The Definitive Collection devoted to Louis Armstrong takes a reverse chronological view of the pop giant's career, a format that functions surprisingly well considering its intended purpose. Beginning with his last major performance, 1967's "What a Wonderful World," the disc takes listeners on a 75-minute tour that pays closest attention to his pop and vocal landmarks of the '50s and '60s with his All-Stars group, but also reaches back to 1938 to pick up the best moments of his excellent big band. (That leaves, of course, his seminal Hot Five sides out in the cold, to be picked up elsewhere.) Also briefly surveyed are his multi-album collaboration with Ella Fitzgerald, his lush "Louis with strings" albums arranged by Russ Garcia, his hit duet with Bing Crosby on "Gone Fishin'," and the series of songs ("Blueberry Hill," "Mack the Knife") that lengthened his sheet to include not only Jazz Age hero and swing progenitor, but also postwar pop stalwart. Clearly, the career of Louis Armstrong the jazz artist can't be covered thoroughly with anything but a box set that selects material from his entire working life, but as an overview of Louis Armstrong the pop singer, The Definitive Collection is peerless. One caveat: Armstrong's best latter-day pop song, "We Have All the Time in the World" (from the 1969 James Bond vehicle On Her Majesty's Secret Service), is sadly missing in action.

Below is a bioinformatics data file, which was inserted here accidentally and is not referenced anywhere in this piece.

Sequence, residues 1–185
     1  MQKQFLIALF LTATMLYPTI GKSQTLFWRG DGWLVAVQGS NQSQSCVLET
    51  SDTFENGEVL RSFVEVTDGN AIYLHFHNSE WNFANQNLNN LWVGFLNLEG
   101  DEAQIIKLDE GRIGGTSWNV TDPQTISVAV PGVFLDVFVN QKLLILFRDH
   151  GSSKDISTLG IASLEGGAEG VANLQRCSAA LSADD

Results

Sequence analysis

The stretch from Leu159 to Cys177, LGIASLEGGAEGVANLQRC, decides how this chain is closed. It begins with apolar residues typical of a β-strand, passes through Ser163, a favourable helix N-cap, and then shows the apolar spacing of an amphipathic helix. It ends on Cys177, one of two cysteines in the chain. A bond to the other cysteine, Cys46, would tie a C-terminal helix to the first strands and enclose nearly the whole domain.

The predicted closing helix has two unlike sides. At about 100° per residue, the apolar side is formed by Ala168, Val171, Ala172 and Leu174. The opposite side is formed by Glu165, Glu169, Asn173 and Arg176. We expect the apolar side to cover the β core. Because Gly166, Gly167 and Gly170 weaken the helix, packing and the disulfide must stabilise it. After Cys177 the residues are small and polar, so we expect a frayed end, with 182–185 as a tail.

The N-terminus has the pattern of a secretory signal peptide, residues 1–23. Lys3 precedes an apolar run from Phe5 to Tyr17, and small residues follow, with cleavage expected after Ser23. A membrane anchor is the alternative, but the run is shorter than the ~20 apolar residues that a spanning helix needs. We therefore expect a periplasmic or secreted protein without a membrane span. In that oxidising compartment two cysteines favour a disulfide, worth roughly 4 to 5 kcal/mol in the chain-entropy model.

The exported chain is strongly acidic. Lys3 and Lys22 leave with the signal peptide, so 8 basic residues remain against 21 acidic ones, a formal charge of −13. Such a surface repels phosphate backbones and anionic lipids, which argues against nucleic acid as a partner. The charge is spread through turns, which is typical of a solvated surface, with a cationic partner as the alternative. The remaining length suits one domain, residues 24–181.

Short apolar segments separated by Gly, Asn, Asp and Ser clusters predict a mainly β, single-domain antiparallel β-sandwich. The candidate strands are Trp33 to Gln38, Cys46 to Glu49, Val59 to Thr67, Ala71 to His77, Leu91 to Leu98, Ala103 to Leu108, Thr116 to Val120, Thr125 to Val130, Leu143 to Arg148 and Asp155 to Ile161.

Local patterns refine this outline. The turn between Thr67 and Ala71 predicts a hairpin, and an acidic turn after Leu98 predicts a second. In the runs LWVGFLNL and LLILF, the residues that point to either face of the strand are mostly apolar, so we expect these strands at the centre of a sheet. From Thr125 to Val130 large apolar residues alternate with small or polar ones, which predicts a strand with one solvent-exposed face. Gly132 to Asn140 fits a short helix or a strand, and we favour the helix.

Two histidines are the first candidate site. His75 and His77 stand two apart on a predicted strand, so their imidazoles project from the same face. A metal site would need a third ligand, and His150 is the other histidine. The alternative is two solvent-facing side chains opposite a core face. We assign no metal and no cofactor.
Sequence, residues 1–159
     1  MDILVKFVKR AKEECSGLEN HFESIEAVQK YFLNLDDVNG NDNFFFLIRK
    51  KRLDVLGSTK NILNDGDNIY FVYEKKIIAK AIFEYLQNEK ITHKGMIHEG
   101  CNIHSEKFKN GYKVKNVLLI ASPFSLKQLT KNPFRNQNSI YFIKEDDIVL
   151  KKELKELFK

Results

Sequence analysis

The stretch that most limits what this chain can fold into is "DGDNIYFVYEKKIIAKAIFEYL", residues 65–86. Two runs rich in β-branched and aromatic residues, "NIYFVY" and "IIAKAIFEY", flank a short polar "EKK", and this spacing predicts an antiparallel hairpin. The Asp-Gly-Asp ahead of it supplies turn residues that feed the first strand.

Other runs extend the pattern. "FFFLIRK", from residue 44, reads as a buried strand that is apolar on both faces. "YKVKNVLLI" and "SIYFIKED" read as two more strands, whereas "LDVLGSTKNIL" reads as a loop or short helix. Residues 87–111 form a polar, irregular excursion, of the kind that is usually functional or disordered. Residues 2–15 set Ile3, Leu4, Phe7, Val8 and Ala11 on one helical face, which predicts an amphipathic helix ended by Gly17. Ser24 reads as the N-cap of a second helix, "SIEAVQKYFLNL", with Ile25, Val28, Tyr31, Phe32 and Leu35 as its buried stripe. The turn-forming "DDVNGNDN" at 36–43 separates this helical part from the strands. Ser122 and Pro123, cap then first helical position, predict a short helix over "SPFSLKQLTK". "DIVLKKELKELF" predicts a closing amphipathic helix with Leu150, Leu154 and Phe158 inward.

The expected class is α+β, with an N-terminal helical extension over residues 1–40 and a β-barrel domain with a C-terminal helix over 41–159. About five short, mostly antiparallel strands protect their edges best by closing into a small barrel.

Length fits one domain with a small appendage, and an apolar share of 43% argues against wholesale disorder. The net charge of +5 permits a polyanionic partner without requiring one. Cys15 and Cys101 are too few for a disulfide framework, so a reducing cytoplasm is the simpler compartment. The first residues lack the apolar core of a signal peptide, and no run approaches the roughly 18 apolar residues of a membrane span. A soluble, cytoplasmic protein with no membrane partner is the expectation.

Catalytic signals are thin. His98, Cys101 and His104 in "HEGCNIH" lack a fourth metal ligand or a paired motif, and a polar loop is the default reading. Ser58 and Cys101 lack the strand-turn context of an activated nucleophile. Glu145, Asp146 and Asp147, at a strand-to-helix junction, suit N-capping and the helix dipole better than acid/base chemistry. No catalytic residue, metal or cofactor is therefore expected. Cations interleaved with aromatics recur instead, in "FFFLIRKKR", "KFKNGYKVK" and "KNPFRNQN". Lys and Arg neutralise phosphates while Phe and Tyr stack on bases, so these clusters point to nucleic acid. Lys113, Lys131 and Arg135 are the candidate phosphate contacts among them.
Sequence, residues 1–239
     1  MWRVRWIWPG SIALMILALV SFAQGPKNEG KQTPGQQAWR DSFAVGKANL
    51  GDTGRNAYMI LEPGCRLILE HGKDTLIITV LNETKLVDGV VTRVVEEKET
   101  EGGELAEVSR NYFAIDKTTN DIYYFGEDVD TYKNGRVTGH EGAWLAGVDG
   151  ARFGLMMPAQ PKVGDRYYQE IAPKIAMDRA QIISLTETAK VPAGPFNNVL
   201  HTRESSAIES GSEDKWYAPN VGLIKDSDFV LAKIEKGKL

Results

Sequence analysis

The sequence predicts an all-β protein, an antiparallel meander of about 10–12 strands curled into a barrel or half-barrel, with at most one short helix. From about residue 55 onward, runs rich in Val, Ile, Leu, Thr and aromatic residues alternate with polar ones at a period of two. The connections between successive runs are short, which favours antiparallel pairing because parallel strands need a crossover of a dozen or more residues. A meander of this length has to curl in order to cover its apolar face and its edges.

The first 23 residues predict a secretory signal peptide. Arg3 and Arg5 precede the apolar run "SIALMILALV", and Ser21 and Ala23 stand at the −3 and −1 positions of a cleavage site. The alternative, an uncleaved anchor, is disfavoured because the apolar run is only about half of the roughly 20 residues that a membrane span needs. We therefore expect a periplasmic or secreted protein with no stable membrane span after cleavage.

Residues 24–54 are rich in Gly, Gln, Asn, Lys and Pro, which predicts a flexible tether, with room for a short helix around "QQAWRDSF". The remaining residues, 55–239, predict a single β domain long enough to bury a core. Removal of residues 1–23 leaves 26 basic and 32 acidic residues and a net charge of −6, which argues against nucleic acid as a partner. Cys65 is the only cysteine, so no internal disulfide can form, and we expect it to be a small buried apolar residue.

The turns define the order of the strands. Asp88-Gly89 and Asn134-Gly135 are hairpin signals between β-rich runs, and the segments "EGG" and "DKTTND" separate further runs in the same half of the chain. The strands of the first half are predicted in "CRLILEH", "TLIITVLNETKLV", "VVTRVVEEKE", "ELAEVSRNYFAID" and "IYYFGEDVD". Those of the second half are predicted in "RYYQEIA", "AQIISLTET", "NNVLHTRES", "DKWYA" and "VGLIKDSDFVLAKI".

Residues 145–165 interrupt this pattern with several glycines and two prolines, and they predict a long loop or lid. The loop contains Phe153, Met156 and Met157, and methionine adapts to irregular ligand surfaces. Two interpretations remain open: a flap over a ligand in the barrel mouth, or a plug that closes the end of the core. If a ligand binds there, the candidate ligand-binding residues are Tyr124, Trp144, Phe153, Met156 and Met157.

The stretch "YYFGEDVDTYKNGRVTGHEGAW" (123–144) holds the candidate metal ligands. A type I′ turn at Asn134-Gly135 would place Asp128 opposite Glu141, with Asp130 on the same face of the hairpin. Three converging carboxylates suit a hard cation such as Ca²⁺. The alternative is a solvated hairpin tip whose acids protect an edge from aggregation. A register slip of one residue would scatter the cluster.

John Bush, Rovi